Following on from last month’s blog on breastfeeding, I have compiled a short visual tour of the lives of very young Georgians by way of sketches, paintings and cartoons. The depictions offer sharp contrasts in the fates of babies. All babies are vulnerable, in generations past much more so than now, but some were more vulnerable than others. No prizes for guessing what determined their life chances. All of these depictions are by men. Just saying. Genuinely, no more than that.
Let’s start at the top end of the social scale with this 1799 scene by William Redmore Bigg entitled Birth of the Heir showing the presentation of a newborn baby boy to his father and sisters. The older woman is probably the children’s grandmother. Here is not the place to debate the relative social positions of female and male children in genteel families but it’s probably enough to say that the father looks both misty-eyed and relieved (he’s been up half the night, as evidenced by his brandy, soup and sandwiches, and he has a son at last). For me there is an air of concern about the scene, leaving me to wonder whether all is well with the mother. The maid about to leave the room looks caringly on the new baby’s sisters and the grandmother seems a mite serious.
This portrait of the West family, by Benjamin West, is much more formal. Betsy West, who has just given birth to her second child, wears a shimmering white gown matching the robes her baby wears, and gazes calmly on her child. The father of the child, Benjamin West, wearing lilac robes to balance his son’s outfit on the left, looks on from the right, while his father John and brother Thomas, both Quakers, sit in stolid homage. The painting was described by the Morning Chronicle as a ‘neat little scene of domestic happiness’1 but for me it’s curiously unfamilial: unnaturally silent and still, staged like a medieval nativity.
There is no celebration of birth in Frederick George Byron satirical scene, entitled The Sweet Delights of Love and published at some time between 1788 and 1792. The baby here is decidedly unattractive, the mother is a termagant and the father’s trade is failing. Everything is going up in smoke.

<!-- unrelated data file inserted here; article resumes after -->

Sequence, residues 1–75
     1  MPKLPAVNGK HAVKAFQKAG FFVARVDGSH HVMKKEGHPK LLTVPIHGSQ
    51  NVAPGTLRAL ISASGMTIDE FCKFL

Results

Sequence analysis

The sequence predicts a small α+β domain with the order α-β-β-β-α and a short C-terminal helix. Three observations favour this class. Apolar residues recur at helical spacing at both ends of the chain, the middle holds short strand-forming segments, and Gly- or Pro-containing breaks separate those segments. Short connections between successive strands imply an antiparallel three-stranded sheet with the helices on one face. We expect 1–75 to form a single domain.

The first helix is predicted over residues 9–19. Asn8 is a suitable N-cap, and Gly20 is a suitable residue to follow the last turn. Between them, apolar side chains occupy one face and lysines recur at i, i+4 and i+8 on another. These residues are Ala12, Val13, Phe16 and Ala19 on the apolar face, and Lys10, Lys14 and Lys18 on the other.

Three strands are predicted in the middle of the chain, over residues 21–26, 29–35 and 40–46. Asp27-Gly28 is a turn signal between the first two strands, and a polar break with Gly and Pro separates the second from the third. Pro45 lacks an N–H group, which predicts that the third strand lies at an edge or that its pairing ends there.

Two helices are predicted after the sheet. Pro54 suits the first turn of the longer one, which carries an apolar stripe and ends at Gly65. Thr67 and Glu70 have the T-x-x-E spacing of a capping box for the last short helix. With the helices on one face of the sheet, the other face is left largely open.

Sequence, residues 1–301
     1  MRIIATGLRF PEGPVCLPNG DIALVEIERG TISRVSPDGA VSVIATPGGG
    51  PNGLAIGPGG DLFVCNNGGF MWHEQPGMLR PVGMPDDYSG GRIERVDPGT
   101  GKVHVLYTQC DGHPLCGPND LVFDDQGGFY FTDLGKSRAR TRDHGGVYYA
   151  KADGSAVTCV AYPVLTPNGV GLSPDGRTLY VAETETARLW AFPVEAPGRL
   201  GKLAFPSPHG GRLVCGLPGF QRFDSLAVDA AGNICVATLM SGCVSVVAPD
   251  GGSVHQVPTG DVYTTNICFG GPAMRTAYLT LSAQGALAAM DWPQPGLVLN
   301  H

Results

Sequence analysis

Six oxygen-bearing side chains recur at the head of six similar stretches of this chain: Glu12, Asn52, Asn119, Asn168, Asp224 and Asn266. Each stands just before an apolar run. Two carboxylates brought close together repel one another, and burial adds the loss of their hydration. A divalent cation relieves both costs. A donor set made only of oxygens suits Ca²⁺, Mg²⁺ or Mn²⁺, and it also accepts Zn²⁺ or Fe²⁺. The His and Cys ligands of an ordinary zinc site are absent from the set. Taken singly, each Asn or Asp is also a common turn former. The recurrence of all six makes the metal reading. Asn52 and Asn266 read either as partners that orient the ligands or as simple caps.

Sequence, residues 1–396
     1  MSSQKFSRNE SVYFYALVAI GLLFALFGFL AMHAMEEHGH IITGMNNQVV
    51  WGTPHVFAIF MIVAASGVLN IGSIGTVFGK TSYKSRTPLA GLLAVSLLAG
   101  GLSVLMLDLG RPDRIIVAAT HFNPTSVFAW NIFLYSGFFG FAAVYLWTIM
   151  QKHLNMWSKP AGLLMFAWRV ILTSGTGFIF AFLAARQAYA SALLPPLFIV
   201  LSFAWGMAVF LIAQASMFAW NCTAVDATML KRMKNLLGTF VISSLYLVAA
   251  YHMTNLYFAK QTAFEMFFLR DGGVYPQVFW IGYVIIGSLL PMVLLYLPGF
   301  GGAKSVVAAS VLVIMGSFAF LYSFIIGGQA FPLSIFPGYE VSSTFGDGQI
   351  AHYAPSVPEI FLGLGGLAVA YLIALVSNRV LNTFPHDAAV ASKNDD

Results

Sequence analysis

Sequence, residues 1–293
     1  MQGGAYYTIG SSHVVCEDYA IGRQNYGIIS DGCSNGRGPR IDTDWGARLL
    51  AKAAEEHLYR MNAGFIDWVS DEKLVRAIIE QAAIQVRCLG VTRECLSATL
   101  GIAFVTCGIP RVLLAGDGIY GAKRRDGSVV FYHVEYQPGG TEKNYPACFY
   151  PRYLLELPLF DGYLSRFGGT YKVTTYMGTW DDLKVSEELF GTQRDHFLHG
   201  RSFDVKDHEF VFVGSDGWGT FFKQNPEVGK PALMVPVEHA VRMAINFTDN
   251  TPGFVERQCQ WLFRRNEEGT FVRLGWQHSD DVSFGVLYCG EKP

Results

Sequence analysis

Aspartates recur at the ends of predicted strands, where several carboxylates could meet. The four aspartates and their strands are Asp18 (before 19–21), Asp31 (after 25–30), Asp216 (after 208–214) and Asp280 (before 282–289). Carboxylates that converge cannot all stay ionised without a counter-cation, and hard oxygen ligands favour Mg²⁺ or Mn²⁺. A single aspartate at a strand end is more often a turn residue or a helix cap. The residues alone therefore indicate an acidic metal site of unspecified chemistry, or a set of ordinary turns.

This next couple are much happier. In Thomas Rowlandson’s Four O’Clock in the Country a chubby child sleeps soundly and contentedly as his excessively déshabillée mother helps his father get ready to leave on a pre-dawn hunt. The baby’s relaxed pose and rounded limbs are of a piece with its parents’ obvious pleasure in the delights of conjugal love.
Moving down to the bottom of the social scale now, here is George Romney’s sketch of a prison scene, which is like something out of Hell, which indeed was Romney’s point. Unnoticed in the mêlée is a child curled up in the uncertain protection of its mother’s armpit. Extremely stylised, almost 20th-century in its reduction of the human objects to geometric shapes, it vividly conveys the pain and degradation of incarceration. A baby who can be only be utterly innocent of any crime is not exempt from punishment for its parents’ crimes. 2
To finish, I give you Joseph Highmore’s Angel of Mercy, currently on display at The Foundling Museum in London as part of their Basic Instincts exhibition.3 The painting, in which a desperate mother is averted from strangling her newborn child is averted from committing murder by an angel, is probably a study for a larger work intended for the Foundling Hospital but never created. According to Jacqueline Riding, who curated the exhibition of Joseph Highmore’s work, the subject matter was probably too shocking for contemporary audiences.
The punishment of women who kill their babies is one of the subjects I cover in my new book Women and the Gallows 1797-1837: Unfortunate Wretches, which will be published next month and is available for pre-order here.